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Record Type: Review   ID: 381

Women as Mythmakers: Poetry and Visual Art by Twentieth-Century Women

Lauter, Estella

 This impressive work of scholarship is empirically based on the author’s examination of thousands of poems and artworks by contemporary women over a period of several years. She was looking for any evidence of mythological change in these works. She reviewed the visual artworks to see if any single mythic view was emerging. Although there are three main issues covered in this book: mythmaking, archetypal theory, and feminist criticism, Lauter’s primary goals were "to explore the multiple processes of mythmaking in current use by women, and to discern the direction toward which those processes are tending" (p. xi). In the Introduction, Steps Toward a Feminist Archetypal Theory of Mythmaking, Lauter discusses several aspects of the making of cultural mythology: the task of identifying contemporary myths; the role that literature, and especially the visual arts, play in regard to myth; and the role of feminist scholarship. She thinks of myth "as a structure for dealing with shared crises of self-definition in the face of the unknown" (p. 8) and defines the unconscious, which is the source of myth, "as the unknown within us instead of being simply a storehouse of repressed materials" (p. 8). She also reviews various feminist views of the relation of women to myth. Part One consists of six chapters each dealing with an individual writer: Anne Sexton, Margaret Atwood, and Diane Wakowski, or artist: Käthe Kollwitz, Remedios Varo, and Léonor Fini. The second part contains three chapters entitled Mythic Patterns in Contemporary Visual Art by Women, "Woman and Nature" Revisited in Poetry by Women, and the Conclusion: The Light Is in Us. In the conclusion she points up several ways in which women are involved as mythmakers and some results of women’s mythmaking. She notes that what is suggested in the individual is "the presence of a myth that is ... the product of women’s common ‘ground’ of experience in patriarchal societies [and] it may also be the product of our newly-found sense that we form an audience for each other, so that we can speak directly to each other across great distances" (pp. 213-214). She hypothesizes that the incipient myth she has found in the works described here "arises from the same distinctive aspects of female experience that also inspires a female epistemology" (p. 20). It could be that just as more than one feminist epistemology has been identified, so we may uncover more than one female mythic view.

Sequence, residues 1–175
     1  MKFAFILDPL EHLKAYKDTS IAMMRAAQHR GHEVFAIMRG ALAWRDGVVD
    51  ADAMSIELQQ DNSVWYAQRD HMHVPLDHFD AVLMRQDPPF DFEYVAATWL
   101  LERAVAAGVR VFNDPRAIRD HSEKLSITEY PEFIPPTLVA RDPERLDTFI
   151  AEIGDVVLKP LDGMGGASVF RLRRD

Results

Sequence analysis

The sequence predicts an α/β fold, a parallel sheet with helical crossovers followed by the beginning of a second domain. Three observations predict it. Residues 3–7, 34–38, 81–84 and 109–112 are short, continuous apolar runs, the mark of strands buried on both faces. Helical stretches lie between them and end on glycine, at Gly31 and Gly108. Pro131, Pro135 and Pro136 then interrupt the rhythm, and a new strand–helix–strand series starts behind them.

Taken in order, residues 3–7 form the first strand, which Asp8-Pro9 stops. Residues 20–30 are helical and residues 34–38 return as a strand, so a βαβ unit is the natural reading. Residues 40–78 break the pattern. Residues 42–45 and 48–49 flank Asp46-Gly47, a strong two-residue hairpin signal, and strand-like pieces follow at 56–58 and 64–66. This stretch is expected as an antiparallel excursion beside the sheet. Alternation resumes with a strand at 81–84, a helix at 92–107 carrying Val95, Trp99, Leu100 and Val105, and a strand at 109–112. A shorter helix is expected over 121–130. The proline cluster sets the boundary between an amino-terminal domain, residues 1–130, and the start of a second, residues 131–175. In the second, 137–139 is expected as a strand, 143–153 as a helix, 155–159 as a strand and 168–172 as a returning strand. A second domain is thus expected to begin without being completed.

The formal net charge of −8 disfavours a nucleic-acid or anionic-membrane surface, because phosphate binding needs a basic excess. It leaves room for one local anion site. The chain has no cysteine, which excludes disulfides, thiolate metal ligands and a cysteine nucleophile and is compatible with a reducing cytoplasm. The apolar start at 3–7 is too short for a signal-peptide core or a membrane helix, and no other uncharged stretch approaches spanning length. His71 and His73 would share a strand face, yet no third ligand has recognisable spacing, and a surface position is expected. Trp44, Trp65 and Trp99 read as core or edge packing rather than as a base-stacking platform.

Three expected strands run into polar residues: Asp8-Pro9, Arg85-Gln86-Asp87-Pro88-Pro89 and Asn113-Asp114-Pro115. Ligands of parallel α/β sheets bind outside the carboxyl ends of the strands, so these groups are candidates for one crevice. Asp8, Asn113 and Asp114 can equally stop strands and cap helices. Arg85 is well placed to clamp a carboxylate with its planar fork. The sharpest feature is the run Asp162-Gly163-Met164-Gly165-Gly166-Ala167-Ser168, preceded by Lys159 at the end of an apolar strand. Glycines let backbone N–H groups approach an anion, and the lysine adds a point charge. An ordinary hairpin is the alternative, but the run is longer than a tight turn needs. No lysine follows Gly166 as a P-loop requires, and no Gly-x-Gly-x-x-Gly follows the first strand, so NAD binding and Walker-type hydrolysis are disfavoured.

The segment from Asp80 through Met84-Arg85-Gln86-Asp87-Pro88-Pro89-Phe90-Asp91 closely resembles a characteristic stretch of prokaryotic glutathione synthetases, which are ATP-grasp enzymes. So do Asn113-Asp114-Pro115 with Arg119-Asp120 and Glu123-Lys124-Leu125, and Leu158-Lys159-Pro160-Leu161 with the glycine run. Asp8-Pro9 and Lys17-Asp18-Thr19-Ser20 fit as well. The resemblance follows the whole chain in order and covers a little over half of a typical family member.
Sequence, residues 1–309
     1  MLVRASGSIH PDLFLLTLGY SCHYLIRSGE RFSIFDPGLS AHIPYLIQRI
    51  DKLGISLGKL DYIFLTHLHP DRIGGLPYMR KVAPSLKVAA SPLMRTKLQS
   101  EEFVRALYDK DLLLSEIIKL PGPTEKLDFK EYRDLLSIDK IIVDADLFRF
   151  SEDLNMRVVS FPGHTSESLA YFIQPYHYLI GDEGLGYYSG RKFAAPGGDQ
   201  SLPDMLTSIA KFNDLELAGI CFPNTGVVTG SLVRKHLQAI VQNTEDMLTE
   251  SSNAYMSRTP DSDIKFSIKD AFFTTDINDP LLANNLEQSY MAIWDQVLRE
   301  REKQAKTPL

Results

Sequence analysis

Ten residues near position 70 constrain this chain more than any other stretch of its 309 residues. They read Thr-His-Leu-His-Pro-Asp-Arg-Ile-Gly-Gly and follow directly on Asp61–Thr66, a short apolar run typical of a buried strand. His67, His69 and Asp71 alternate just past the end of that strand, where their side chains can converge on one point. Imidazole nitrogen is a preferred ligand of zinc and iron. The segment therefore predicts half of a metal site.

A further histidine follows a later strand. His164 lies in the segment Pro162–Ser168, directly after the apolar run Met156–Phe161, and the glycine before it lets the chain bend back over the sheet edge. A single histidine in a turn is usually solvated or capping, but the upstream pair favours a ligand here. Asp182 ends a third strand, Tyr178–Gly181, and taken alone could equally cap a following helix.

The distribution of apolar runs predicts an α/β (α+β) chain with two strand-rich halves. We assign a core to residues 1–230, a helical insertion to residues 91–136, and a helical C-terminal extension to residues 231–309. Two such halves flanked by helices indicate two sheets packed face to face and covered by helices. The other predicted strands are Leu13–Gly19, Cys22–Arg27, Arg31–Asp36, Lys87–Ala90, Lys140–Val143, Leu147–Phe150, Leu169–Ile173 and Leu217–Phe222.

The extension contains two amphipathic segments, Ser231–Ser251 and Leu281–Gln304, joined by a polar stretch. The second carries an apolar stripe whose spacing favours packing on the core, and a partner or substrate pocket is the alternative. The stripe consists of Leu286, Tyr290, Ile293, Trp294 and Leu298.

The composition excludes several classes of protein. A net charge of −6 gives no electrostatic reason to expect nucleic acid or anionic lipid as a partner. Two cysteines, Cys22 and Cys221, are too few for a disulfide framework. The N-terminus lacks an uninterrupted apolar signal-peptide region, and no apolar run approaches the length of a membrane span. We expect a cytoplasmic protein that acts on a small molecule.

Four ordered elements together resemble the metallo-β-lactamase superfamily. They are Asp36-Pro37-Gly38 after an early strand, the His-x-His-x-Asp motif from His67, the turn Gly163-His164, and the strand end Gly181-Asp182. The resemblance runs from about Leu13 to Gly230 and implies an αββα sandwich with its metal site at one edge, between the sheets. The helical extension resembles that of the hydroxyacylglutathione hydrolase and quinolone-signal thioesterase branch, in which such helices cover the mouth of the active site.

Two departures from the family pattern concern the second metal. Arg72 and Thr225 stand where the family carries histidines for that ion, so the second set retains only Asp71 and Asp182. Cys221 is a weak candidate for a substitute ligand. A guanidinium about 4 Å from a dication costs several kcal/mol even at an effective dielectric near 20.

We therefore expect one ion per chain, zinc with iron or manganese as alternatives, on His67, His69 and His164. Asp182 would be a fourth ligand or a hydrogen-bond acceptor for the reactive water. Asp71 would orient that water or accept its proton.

Publisher Information:Bloomington: Indiana University Press, 1984. 267p. Bibl: 247-260; Chap. notes: 225-246; 16 figs; Index: 261-267
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